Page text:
Changes to WRS?

Wisconsin Act 32, the 2011-13 biennial budget, calls for a study of the Wisconsin Retirement System (WRS). The study, due June 30, will examine the establishment of a defined contribution plan, like a 401(k), as an option for participating employees. Employees are currently served by a pension-style defined benefit plan.

The Department of Employee Trust Funds, the Department of Administration, and the Office of State Employee Relations will jointly conduct the investigation, which will also consider allowing employees to opt-out of making contributions to WRS.

The study, coupled with a recently-introduced bill that would allow an alternative to WRS for UW System faculty, has led many annuitants to fear substantial changes to the program are possible. A chain email claiming that Governor Walker will abolish the retirement system as it is today and convert participants to a 401(k)-type of program if reelected is circulating widely throughout the state.

Both WISC-TV and the Milwaukee Journal Sentinel investigated the email and found that the overall claim is false. Wisconsin statutes plainly state that “(r)ights exercised and benefits accrued under this chapter for service rendered shall be due as a contractual right and shall not be abrogated by any subsequent legislative act.” Courts routinely back retirees when changes to already earned benefits are threatened. The statutes, however, allow for changes to the accrual of future benefits.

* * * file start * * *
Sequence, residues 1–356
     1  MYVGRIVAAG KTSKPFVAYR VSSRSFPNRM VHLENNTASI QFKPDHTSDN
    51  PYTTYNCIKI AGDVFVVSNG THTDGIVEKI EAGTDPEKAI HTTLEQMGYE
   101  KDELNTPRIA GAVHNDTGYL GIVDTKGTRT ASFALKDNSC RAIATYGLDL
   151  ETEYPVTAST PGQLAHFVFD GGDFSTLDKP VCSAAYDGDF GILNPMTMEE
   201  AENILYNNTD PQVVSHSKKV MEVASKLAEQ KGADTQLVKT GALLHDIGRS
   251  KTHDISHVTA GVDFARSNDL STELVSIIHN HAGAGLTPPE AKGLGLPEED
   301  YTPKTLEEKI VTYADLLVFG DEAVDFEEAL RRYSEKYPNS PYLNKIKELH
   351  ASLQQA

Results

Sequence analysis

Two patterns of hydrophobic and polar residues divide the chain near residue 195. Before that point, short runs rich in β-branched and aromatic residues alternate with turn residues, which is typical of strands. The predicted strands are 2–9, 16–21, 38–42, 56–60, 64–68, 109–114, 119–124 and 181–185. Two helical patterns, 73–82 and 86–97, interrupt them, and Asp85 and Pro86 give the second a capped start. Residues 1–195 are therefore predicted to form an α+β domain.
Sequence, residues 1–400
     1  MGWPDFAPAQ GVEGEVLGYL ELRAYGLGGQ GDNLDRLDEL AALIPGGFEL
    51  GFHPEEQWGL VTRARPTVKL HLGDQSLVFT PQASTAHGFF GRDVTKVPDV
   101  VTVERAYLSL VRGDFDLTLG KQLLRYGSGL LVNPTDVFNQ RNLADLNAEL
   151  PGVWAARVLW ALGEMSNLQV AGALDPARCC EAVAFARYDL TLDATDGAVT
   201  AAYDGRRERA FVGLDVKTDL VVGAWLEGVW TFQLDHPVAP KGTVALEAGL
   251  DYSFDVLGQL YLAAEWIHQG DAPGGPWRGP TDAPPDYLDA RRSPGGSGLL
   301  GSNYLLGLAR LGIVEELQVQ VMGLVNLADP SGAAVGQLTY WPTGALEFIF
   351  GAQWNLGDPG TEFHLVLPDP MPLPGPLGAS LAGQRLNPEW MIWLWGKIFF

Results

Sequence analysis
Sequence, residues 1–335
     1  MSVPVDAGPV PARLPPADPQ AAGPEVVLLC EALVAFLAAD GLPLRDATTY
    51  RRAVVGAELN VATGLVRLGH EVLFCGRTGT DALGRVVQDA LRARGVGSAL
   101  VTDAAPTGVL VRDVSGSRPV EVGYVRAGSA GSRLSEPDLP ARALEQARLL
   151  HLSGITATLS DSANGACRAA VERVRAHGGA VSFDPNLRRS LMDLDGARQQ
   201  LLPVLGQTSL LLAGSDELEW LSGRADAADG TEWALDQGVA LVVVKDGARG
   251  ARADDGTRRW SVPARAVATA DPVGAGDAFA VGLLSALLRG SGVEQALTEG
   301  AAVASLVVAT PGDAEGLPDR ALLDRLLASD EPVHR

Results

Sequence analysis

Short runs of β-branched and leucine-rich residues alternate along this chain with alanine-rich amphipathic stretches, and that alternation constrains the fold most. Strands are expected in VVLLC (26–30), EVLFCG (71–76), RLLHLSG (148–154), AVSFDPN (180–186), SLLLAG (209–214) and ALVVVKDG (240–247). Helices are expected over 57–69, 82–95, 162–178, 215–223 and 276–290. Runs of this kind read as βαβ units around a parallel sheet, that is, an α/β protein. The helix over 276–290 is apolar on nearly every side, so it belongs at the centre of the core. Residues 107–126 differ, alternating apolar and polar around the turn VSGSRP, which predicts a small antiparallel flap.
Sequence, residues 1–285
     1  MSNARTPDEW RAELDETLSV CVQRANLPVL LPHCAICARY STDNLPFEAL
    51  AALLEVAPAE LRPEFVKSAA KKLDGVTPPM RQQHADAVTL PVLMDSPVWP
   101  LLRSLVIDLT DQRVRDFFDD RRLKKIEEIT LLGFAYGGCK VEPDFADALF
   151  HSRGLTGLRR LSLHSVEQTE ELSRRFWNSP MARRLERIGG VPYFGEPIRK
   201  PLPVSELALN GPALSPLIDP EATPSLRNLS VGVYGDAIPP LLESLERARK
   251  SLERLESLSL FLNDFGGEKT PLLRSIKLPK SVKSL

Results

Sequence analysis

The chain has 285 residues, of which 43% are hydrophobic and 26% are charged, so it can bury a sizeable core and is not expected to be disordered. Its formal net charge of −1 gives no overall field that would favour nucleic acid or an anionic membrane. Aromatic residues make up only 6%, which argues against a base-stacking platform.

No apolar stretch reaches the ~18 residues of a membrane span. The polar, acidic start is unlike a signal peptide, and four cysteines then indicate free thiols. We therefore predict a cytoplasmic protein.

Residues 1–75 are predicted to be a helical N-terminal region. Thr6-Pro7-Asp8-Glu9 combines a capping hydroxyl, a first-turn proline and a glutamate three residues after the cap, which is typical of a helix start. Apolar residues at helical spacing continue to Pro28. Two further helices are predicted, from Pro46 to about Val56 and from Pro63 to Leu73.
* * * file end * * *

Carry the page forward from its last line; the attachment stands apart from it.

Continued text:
Remarks by Governor Walker and Secretary of Administration Mike Huebsch confirm that future changes are possible. Governor Walker told WISC-TV in December that he is going to “look at what other options  we have in the future, whether we continue on the traditional path or whether there is some alternative . . . anything we are going to do is going to be about a balance of protecting hardworking taxpayers and providing whatever we might provide in respectful and responsible way.”  He also said that he did not “anticipate anything in the future that wouldn’t allow them (WRS participants) to continue in that pension system if that’s what they prefer to do.”

Secretary Huebsch told the Journal Sentinel that he was not looking at doing away with WRS, but the goal of the study is to determine the stability of the system and ensure its long-term health, unlike several underfunded systems in other states. In a possible effort to allay fears, Huebsch also sent a letter to WRS participants last week: